Calle Ocho is a street of dreams. The Miami thoroughfare formally known as Southwest Eighth Street is the heart of Little Havana. It’s the next-best-thing to visiting Cuba for many Americans; the lodestone of the large Cuban-American community that settled in Miami in waves after Fidel Castro’s 1959 revolution.
Stroll the heart of Calle Ocho, from 12th Avenue west to 17th, past small bars, cafes and tiendas (stores), and you’re rarely beyond earshot of loudspeakers airing percussive Latin music. The street hints at a Havana that was, that isn’t, and which might come to pass.
It’s a mile and a half west of downtown Miami, an easy walk out Eighth Street, a one-way headed toward the skyscrapers.
Here’s what you need to know to make the most of a visit.
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Colorful walls, Cuban sandwiches
Get there with your camera early in the day, in advance of the tourist waves, to see the murals – like those worked into the front and side panels of the Sazon Latino restaurant/cafeteria at the corner of 11th Avenue, on a wall facing the bikes at the La 8 a motorcycle shop, or the amazing multi-artist pieces on the side of the Goodwill store at 10th. Their styles range from clearly Hispanic folk art to millennial graphic novel.
Check the tiles inlaid on some of the storefronts along Calle Ocho. Note the sidewalk stars of the Latin Walk of Fame and the brightly painted, hydrant-size roosters – emblems of Little Havana.
The safety island at 13th Avenue widens a bit into Cuban Memorial Plaza, a block-long stretch of pavers and grass. Ceiba trees, tropical giants with exposed roots as thick and long as anacondas, shade memorials to the Bay of Pigs Invasion, Jose Marti and Cuba itself.
The first honors the men of Brigade 2506, Cubans trained in the Miami area by the CIA and whose 1961 invasion of Castro’s Cuba was a disaster. Marti was the Cuban poet/writer and nationalist leader killed during a disastrous 1895 invasion of what was then a Spanish colony. Marti today is revered by the government of Cuba and those who fled it.
Marti is buried in Havana. Bay of Pigs exiles are in their mid-70s now.
A block east on Calle Ocho, older Cubanos filled chairs at the tables shaded by Spanish tile roofs at concrete-and-brick Domino Park. It is like an open-air VFW gathering. Players come and go, chatting in Spanish and clicking down oversize game tiles; over their shoulders, quiet tourists click their photos.
Little Havana is flush with eateries, but try El Christo at 1543 Calle Ocho – a small, big-window place with an extensive menu. There are five varieties of Cuban sandwiches ($7.99-$8.49); the full-tilt Cuban Platter is $11.99. Grab a lunch-counter stool or a table. Of various dining recommendations I received on Calle Ocho, this was the best.
There are Cuban-American art galleries (notably Futurama at 16th Avenue), but for something easier on your suitcase, stick to music and cigars. Casino Records, in the 1500 block of Calle Ocho, is packed with all styles of Latin music. The variety is astounding, the prices aren’t.
Among the tobacconists along Eighth Street – open early and late and often busy – is Little Havana Cigar Factory, with “Cuban cigars made in Miami.” The merchandise is fresh, varied and well-tended; consider package deals. As at Casino Records, service is attentive and helpful.
The sounds of Cuba – and Miami
Two iconic buildings in the 1500 block predate Little Havana – the Tower Theater, an art-house cinema, and the Ball & Chain, a nightclub that’s packed most nights. Try the Ball & Chain in late afternoon. It looks something from a old Warner Bros. flick, with a high ceiling and quartet of belt-driven fans hung from dark wooden beams. Old Latin jazz plays on the sound system; jazz combos often start to play near the front door around 5. Out the breezeway in back, a parking lot has been retooled into an outdoor Latin music room. Desi Arnaz would be comfortable crooning “Babalu” to young lovers seated in the reserved banquette area.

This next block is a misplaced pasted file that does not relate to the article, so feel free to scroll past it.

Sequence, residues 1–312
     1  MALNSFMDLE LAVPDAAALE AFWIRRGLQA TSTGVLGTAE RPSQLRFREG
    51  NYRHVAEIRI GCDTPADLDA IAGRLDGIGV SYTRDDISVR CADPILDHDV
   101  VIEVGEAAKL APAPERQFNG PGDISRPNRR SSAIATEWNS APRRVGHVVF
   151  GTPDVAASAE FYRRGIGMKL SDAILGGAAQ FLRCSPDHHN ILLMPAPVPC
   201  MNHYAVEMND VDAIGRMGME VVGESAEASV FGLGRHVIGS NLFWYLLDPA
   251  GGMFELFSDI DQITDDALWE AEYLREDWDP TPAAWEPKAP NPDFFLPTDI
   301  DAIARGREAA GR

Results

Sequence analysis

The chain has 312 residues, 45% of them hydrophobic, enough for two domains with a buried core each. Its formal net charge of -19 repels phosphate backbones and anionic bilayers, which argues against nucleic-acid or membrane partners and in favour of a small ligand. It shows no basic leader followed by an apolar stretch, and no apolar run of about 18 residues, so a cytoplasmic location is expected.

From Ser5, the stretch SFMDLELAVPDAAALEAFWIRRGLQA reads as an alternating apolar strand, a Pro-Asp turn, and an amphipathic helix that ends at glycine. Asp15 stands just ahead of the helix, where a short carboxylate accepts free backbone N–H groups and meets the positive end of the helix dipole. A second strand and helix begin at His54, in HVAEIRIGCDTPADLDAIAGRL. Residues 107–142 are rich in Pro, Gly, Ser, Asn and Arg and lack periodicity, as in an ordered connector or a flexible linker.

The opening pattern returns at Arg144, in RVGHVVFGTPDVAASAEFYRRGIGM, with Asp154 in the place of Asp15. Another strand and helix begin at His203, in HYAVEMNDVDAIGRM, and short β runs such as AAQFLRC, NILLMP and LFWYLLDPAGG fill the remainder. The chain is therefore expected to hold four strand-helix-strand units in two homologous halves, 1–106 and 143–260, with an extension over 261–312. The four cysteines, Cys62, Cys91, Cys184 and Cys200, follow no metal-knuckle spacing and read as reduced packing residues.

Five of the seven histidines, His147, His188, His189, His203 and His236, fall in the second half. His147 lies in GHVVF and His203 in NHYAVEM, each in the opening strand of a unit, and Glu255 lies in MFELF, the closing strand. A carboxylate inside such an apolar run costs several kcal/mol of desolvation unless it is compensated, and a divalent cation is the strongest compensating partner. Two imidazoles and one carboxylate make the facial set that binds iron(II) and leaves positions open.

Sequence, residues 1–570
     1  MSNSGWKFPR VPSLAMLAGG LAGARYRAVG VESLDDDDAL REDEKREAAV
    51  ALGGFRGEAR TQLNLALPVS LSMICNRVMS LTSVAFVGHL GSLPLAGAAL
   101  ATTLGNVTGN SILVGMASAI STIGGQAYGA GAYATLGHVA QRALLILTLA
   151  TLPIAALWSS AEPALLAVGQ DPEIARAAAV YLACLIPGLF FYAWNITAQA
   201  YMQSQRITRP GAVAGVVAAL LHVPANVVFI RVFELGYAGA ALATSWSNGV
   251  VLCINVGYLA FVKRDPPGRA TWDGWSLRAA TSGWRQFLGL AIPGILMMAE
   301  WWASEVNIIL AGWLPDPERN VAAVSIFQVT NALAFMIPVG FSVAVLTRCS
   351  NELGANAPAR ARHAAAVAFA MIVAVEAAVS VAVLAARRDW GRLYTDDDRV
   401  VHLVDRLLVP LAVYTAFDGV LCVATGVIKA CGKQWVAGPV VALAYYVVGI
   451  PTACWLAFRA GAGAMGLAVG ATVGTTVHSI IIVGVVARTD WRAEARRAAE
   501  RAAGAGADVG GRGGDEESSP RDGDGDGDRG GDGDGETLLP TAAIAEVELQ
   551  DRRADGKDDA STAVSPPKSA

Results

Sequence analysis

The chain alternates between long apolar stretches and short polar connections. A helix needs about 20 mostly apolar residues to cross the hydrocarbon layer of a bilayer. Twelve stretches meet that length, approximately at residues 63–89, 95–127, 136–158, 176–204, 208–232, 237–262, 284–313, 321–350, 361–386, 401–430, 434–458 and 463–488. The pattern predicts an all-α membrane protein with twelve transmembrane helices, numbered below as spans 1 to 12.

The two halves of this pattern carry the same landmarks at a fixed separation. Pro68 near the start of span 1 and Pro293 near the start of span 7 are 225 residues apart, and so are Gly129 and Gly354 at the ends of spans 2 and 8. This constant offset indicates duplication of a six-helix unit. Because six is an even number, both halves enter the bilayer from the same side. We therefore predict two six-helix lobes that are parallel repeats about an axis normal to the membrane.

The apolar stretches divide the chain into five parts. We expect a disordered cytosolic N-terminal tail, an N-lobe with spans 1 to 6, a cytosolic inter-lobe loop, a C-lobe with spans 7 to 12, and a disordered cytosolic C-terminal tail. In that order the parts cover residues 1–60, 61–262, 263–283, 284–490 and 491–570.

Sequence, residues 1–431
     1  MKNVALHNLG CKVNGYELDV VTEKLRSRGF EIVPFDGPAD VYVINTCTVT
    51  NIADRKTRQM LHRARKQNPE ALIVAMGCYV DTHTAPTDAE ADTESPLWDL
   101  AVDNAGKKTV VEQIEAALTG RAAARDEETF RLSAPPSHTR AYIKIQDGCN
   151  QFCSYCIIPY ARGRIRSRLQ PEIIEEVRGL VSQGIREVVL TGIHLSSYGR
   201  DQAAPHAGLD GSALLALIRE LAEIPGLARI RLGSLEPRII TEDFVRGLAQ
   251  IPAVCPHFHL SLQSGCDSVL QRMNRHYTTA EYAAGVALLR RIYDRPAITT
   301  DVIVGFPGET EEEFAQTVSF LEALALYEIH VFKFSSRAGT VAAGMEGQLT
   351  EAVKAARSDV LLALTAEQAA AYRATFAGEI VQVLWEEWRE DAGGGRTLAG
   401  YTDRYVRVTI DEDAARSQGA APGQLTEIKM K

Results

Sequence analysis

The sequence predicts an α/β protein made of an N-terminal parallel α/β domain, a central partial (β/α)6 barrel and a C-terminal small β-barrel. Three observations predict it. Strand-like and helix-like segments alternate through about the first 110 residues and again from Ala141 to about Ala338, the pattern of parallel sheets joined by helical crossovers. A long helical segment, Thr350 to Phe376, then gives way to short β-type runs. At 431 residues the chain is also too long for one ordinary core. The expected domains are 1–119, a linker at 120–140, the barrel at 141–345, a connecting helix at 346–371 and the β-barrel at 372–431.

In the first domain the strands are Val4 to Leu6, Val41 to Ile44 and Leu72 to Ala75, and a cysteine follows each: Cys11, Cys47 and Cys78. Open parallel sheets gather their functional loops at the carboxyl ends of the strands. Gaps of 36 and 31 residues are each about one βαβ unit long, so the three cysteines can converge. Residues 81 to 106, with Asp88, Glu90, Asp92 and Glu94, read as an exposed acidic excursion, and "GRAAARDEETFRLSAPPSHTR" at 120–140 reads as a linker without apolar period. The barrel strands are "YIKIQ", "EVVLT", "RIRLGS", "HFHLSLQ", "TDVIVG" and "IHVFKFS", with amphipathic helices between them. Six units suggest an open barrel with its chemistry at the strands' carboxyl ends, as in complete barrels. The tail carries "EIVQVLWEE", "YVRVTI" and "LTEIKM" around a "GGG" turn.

Latin music is a highlight of nights at the Ball & Chain backroom, but the music ranges far afield. If you’re lucky, Marlow Rosado Y la Riquena, a top-flight, Miami salsa band is onstage.
An unusual weekend stop on Calle Ocho is Casa Panza. The food was so-so; go for the flamenco show in the adjoining La Cueva room for a kind of ’50s style variety show built around the Andalusian music and dance that’s a Spanish taproot of Caribbean culture.
Classical guitarist Emilio Prados, 78, has played for various heads of state and was recorded by Smithsonian Folkways. Here, he solos and accompanies dancers and big-voiced singers Regla Cumba and Juan de Alba. There’s an element of Buck Rogers on the stage, which is done up like a bat cave: de Alba, also the emcee, wears a flowing gown, a Moorish looking pirate headscarf and what look to be goggles. Only in Miami, a city that has change in its DNA.
Many Cubanos moved out when they moved up – Hialeah, north of Miami International, is now more a Cuban-American enclave. Residential Little Havana is increasingly populated with immigrants from Central America, so it remains a Hispanic blend.
A mixture of tradition and tourism keeps it Cuban. Some say the city’s most authentic mojito – the signature cocktail of both Cuba and Miami – is mixed in Little Havana, at 1465 Eight St. It’s the bar inside the Cuba Ocho Art & Research Center.
When in Little Havana...
Stroll over to the wistful Cuban Memorial Plaza; head over to Domino Park.
Buy a fistful of cigars at Cuban cigars; Little Havana Cigar Factory, 1501 SW Eighth St., is among them. www.lhcfstore.com.
Get in 1940s Havana mode at Ball & Chain; cool off in the afternoon with a drink and classic jazz on the sound system; or go at night for live music – especially of Marlow Rosado’s salsa band is playing. www.ballandchainmiami.com.
Pay the $10 cover for the live weekend flamenco show at Casa Panza, 1620 SW 8th St. www.casapanzacafe.net